Breast Augmentation

Breast augmentation is the most flexible plastic surgery procedures on the summer timeline. Usually, a weekend recovery, or at most one to two weeks, is all that’s required. So, this can be done a week or two before vacation. If traveling a long distance, its always good to leave adequate time for recovery and healing. Other breast procedures, such as lifts and reductions, are also rather short in recovery time, and results are seen fairly soon after surgery, although the scars will take a full year to fully fade/mature. Breast procedures are year round on the summer timeline, as recovery and results can be very quick.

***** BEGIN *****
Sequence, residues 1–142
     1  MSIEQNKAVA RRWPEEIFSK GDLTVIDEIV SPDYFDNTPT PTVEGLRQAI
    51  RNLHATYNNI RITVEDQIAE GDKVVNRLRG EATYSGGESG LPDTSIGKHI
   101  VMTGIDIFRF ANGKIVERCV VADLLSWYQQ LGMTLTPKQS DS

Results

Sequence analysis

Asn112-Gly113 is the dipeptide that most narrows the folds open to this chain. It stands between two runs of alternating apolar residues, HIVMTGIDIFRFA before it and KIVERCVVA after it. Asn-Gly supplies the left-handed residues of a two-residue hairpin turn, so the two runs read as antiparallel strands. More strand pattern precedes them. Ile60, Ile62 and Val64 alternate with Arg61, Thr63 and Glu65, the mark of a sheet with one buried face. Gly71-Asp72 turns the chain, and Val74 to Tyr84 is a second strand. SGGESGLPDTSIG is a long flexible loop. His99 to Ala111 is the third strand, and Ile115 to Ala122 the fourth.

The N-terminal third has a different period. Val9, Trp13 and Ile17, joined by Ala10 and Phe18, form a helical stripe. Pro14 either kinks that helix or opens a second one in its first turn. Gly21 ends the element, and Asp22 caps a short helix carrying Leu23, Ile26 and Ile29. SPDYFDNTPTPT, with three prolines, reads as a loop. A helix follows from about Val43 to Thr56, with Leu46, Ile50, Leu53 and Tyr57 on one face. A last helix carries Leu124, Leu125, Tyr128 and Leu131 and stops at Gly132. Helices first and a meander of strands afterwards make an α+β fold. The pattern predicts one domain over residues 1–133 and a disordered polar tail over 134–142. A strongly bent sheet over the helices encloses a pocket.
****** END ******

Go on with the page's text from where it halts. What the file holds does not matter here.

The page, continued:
No matter your aesthetic goals for this summer or beyond, the first step is always a consultation at my office. Get in contact today to start this process, and together we can create a personalized timeline to fit your goals.

Understanding Your Implant Options, Part One: Saline vs. Silicone

People have very strong opinions on this topic and, unfortunately, most of the information on this topic is not based on facts. Understanding the history of the different types of implants may help shed some light on the topic.

The History of Silicone & Saline Implants

Woman preparing for breast augmentation surgery